Q I love my husband and I know he is a good man but he has a horrible habit of snapping at me and saying cruel things when he is busy at work or under other stress. For example, I asked him if he would meet me and my parents for lunch recently and he said no, he had better not as he had a few things to do in the morning and I would give him grief if he was late. It sounds like nothing, but it really hurt my feelings as I never do that kind of thing. He always apologises afterwards and agrees that it is unfair, but it keeps happening. It is like a default setting - stress equals casual cruelty. I always accept the apology but it is chipping away at me and making me feel trapped. What can I do to make him stop?
A This is such a distressing situation you are in. Maybe the cruelty isn't that casual? What is the default setting to offset his stress? To be cruel to you? Is he like that with anyone else? Is he like that with his co-workers (if there are any)? I'm imagining not, or there might be another word used at work to describe this unacceptable behaviour.
Let me be clear, couples snap at each other. It happens. When people are stressed, the nearest (but not treated as the dearest) are often on the negative receiving end as it is 'safe' for people to be cruel to those closest to them. But the cruel word is raising a flag for me and the fact that you are aware that it is chipping away at you, is worrying.
The preface of this - 'my husband is a good man but' - also concerns me. This type of statement is one I hear far too often and the statistics can make for stark reading of unacceptable and or emotionally abusive behaviour that can go on behind too many closed doors. Most often by charming, well-liked men who leave many women feeling not believed when they say how they feel.
This is pertinent to your example. It is the pervasive, pernicious impact of being 'chipped away' at that creates the destruction. It is the minimisation and silencing can occur for women when they share their feelings with a friend or neighbour who might incredulously look at them as they disagree with and possibly tell you how lucky you are to have such a 'good husband' that you might hesitate to share how you are feeling the next time.
You don't have to be told to be silenced, you learn.
Is your relationship healthy?
Is your relationship safe?
I can only go by the few words I have above so I hope this is not over-stepping the mark.
It's important to be mindful of your safety first. You don't need to be hit, to be hurt. I never agreed with the 'sticks and stones' narrative. The impact of the one you love being like this, can often leave people accepting behaviour that you wouldn't take from a stranger, never mind from a friend.
An apology is only sincere when real efforts to change the offending behaviour actually happens. It is interesting but not good that you are taking responsibility to change his behaviour towards you.
The only person who can change this behaviour is your husband. My concern is that you have internalised in some way that how he is being with you, is your fault. It is not your fault. Please pause and read that line again. It is not your fault.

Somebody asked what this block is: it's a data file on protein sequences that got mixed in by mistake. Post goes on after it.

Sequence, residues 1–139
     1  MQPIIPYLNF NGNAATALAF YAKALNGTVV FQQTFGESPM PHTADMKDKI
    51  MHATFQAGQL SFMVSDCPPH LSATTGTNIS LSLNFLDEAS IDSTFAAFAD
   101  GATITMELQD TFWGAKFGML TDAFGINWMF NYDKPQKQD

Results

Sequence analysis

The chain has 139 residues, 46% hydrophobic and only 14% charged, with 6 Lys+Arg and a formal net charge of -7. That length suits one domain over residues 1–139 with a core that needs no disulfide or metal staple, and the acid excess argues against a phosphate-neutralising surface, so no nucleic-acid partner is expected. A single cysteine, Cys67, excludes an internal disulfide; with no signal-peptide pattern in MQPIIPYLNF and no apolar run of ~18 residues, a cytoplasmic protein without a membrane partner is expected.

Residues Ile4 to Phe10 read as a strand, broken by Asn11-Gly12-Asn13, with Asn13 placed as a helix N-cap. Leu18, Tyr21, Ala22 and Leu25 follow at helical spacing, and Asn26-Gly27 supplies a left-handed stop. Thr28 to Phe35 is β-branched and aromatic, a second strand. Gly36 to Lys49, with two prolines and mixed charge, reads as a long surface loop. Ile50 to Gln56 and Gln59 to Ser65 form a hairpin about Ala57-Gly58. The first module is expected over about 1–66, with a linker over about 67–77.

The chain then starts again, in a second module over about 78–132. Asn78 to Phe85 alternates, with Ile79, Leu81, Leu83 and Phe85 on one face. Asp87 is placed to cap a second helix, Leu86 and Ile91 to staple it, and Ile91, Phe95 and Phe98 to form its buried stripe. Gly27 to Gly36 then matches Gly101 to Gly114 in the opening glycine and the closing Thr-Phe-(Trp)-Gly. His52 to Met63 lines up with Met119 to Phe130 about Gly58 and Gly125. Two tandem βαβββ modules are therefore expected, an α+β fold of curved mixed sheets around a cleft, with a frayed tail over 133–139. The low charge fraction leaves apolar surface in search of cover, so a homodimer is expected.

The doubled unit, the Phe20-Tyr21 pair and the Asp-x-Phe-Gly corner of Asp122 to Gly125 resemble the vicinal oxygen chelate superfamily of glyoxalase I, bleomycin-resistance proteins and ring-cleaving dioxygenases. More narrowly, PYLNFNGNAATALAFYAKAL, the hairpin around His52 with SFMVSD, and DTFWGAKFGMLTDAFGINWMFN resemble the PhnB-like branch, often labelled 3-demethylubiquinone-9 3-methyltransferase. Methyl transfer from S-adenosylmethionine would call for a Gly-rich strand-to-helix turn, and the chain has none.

As if you should know that you should tip-toe around him when he is stressed, or not trigger him in any way. This is another flag as you are assuming responsibility for his cruelty towards you.
Like many situations in life that are not overt, many people stay quiet., They fear, or have experienced, that they won't be believed.
In your example, it is the idea that you are being blamed for him not coming to this lunch based on his future hypothesis that you will give him grief if he is late. This level of conditionality of things that haven't even happened yet, and worse still when there isn't a history of you doing this, is where some of the pain is originating from.
It also sounds like gas lighting. I would think there are more levels to the example you have given that would be well worth exploring yourself in therapy.
Building your support network is something I would suggest that you can do and to not engage in arguments that you know that you won't impact in any way.
You could calmly say to him that you have noticed that when he is stressed there is a pattern whereby, he takes his irritation and intolerance out on you in a cruel way.
The word cruel conjures up personal statements about you and this is also a possible area of vulnerability.
If you feel it is safe, you could say that you are not accepting this any more and you are asking him to speak with someone about the impact his stress is having upon him, you and your relationship.
You are establishing healthy boundaries but there is a very strong possibility that he may react very defensively to this and put it back on you, often using words like 'you are controlling'. I
f you ever feel it is spiralling out of control, think safety first, always.
One final question, if a sister or friend told you this, what would you say to them? Love can hurt and blind your clarity as you are immersed in the relationship.
Thank you for writing in, I hope this starts you on a new pathway to find healthier boundaries for yourself within your relationships.
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